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Title: Recording classical music : LSO live and the transforming record industry
Author: Salgado , Ananay Aguilar
Awarding Body: University of London
Current Institution: Royal Holloway, University of London
Date of Award: 2011
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Abstract:
My doctoral research explores the values of classical music through its recording practices. I define recording practices broadly, including-but not limiting them to- engineers' recording techniques, current marketing strategies and the management of rights. The recent transformations of the record industry, with the shift from physical discs to digital downloads, the reduction in production and distribution costs, and the subsequent change in consumption patterns and accompanying legislation, provide an exceptionally rich arena for this discussion. The ongoing success of the London Symphony Orchestra's young label, LSO Live, is a case in point as it highlights the many features that intervene in music-making and reception, shaping the practices and perception of music in unpredictable ways. Based on fieldwork with the LSO, I trace the spaces where the values of classical music are negotiated on a daily basis. The time is the 2007/2008 season, when the orchestra, conducted by Valery Gergiev, performed and recorded all Mahler symphonies. The creation of LSO Live is explored through observation of and interviews with members of staff, musicians and recordists, who explained their experiences of setting up the label and its impact on their respective professional practices. The accounts bring into the picture their idea of classical music with considerations ranging from performance and listening practices, recording technologies, marketing strategies and current developments in copyright law. Further, I join debates on the artwork concept reflecting upon its role in mediating, sanctioning and perpetuating the values of classical music in its recorded form. Finally, I address musicology's traditional conceptualisation of music and, in particular, its slow engagement with the record industry's developments affecting the production of classical music. In so doing, I discuss the potential of this type of trans-disciplinary study to impact on the reconfiguration of the broader field of music studies and the record industry more widely.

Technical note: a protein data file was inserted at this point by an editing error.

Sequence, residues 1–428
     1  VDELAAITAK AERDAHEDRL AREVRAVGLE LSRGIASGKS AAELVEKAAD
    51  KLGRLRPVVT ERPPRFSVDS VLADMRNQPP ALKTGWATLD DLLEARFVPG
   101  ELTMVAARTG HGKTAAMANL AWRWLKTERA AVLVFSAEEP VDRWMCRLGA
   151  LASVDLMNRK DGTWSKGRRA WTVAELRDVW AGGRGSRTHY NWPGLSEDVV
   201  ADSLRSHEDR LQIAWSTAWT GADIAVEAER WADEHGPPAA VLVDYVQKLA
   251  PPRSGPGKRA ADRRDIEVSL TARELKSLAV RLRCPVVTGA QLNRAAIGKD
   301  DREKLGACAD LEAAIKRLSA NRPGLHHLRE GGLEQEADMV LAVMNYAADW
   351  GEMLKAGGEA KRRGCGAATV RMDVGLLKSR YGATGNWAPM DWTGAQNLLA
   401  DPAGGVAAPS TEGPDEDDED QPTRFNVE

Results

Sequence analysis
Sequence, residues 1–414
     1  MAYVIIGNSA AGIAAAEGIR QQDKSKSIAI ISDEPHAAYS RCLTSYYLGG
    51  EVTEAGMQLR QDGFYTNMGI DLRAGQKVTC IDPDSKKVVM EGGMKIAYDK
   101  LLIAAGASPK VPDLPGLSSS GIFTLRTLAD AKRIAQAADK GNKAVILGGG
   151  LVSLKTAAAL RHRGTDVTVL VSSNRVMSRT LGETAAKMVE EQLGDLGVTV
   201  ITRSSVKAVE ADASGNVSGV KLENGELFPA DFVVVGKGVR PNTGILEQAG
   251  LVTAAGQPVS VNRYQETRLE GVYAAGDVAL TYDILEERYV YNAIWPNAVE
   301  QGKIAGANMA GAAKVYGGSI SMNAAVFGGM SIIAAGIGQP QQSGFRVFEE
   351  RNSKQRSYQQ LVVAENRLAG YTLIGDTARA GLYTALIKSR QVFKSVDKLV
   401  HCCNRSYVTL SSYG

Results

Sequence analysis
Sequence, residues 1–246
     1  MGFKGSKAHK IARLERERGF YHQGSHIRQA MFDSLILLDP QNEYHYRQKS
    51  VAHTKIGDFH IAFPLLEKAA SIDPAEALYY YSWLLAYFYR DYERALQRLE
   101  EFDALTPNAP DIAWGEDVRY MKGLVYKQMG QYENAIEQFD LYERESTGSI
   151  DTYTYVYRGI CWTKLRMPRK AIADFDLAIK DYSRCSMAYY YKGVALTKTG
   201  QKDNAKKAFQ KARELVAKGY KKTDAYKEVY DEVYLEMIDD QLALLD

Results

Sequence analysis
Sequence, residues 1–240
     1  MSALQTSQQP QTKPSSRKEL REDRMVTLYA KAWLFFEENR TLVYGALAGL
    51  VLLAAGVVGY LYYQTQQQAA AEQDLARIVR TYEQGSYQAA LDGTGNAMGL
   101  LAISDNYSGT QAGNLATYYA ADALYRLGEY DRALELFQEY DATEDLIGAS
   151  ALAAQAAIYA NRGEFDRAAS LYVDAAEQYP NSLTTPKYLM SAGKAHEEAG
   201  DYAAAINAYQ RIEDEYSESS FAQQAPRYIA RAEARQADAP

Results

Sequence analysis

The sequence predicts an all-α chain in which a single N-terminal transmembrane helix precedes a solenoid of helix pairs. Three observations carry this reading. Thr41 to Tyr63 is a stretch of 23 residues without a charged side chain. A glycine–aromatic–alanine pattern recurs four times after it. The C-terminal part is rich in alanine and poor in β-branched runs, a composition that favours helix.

Supervisor: Not available Sponsor: Not available
Qualification Name: Thesis (Ph.D.) Qualification Level: Doctoral
EThOS ID: uk.bl.ethos.586610  DOI: Not available
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